New Slew of High-Tech Security Measures | Germany| News and in-depth reporting from Berlin and beyond | DW | 18.01.2002
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New Slew of High-Tech Security Measures

In case of a catastrophe, Germans will be alerted via their mobile phones and the internet in future. Interior Minister Otto Schily comes out with new measures to shield the country’s communication infrastructure.


Schily and Sommer have a new security package

"Just as wailing sirens did earlier, in future the mobile telephone will alert people to an alarm call, radio controlled clocks will start ringing and users surfing the internet will find warning windows opening on their screens". Thus Germany’s Interior Minister Otto Schily as he unveiled plans for a new alarm system for Germany together with Deutsche Telekom chief, Ron Sommer.

Alarm as an SMS and a pop-up on the internet

The alarm via the mobile telephone would be sent in the form of a Short Messaging System mail. As far as the internet goes, Germany’s largest internet service provider, T-online would provide its customers with the pop-up window warning to start with.

But other internet providers are welcome to join the system and help get alarm calls faster to people, Schily emphasised.

With these new measures and levels of co-operation, Schily hopes that both the government and economy will profit from the benefits of a fast, modern and relatively inexpensive communication infrastructure.

Added security for existing system

The German Interior Minister announced that the new alarm system would consolidate the satellite protected information system that the German government set up in mid-October last year, in the aftermath of the terrorist attacks in America.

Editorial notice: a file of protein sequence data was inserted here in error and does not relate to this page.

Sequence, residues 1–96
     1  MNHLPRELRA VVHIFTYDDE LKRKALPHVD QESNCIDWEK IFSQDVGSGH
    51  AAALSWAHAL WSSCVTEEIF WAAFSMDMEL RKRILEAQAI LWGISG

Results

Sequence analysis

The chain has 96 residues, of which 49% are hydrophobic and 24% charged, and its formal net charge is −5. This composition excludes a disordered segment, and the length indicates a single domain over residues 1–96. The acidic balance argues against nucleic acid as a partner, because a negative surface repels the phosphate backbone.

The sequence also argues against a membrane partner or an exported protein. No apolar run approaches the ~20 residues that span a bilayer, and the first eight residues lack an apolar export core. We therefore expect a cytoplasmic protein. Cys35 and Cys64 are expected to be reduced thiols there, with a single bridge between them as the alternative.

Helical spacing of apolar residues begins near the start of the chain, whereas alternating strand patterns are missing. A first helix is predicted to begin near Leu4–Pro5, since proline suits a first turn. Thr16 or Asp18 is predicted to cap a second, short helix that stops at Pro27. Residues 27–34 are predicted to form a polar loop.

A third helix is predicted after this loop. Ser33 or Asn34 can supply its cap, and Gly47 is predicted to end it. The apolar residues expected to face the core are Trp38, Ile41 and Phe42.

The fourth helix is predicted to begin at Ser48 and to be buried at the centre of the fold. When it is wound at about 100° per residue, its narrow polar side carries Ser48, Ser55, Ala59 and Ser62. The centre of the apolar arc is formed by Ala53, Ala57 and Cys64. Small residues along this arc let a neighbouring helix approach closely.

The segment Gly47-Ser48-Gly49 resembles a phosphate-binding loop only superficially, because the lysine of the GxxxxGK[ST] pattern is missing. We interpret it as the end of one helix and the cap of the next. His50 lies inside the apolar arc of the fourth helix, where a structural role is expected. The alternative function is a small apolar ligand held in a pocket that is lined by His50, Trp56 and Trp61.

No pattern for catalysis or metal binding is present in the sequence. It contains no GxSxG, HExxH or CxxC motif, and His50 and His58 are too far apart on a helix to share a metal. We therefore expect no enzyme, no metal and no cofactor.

With that system, warnings could be sent out to the main location points at the centre and in the states as well as be broadcast within 20 seconds by regional radio channels.

Close co-operation with Deutsche Telekom

The German government plans to work closely together with Deutsche Telekom to prevent possible attacks from hackers and virus outbreaks on the internet in the future.

The two have decided to co-operate closely on a long-term basis and on a strategic level. A reliable exchange of experts to work in co-ordination and to react effectively in case of serious threats to the national information technology infrastructure is on the anvil.

For that purpose, so-called CERTs or Computer Emergency Response Teams from both the government as well as Deutsche Telekom would play a vital role.

Vulnerable nerve centres

Speaking at a press conference, Schily said that the information and communication network of a country belongs to its most important nerve centres.

"The events of September 11 show us that terrorist attacks could be aimed at the nerve centres of modern civilisation. That’s why I’ve been talking with representatives of all infrastructure establishments in Germany to recognise potential threats and to develop measures to counter them".

Criticism in the past

But it remains to be seen how the proposed measures will be accepted by the people, and most importantly by the German opposition. Germany is wary of relaxing its safeguards on privacy.

The German Interior Minister has so far come in for a lot of flak for tough security measures that he introduced after it was discovered that some of the hijackers involved in the September 11 attacks, had lived in Germany.

His anti-terror legislation include tighter checks on foreign arrivals, measures such as adding fingerprints to passports and identity cards, making it easier for German authorities to deport suspected foreigners and giving sweeping powers to the police force.

He has been accused of trampling civil liberties and rushing his security legislation through Parliament.

But it’s clear that Schily is dead serious about his security measures as he revealed yesterday that 600 German police were following up about 20,000 leads on the continued presence of al Qaeda networks in the country. That makes it the biggest investigative team Germany has ever assembled.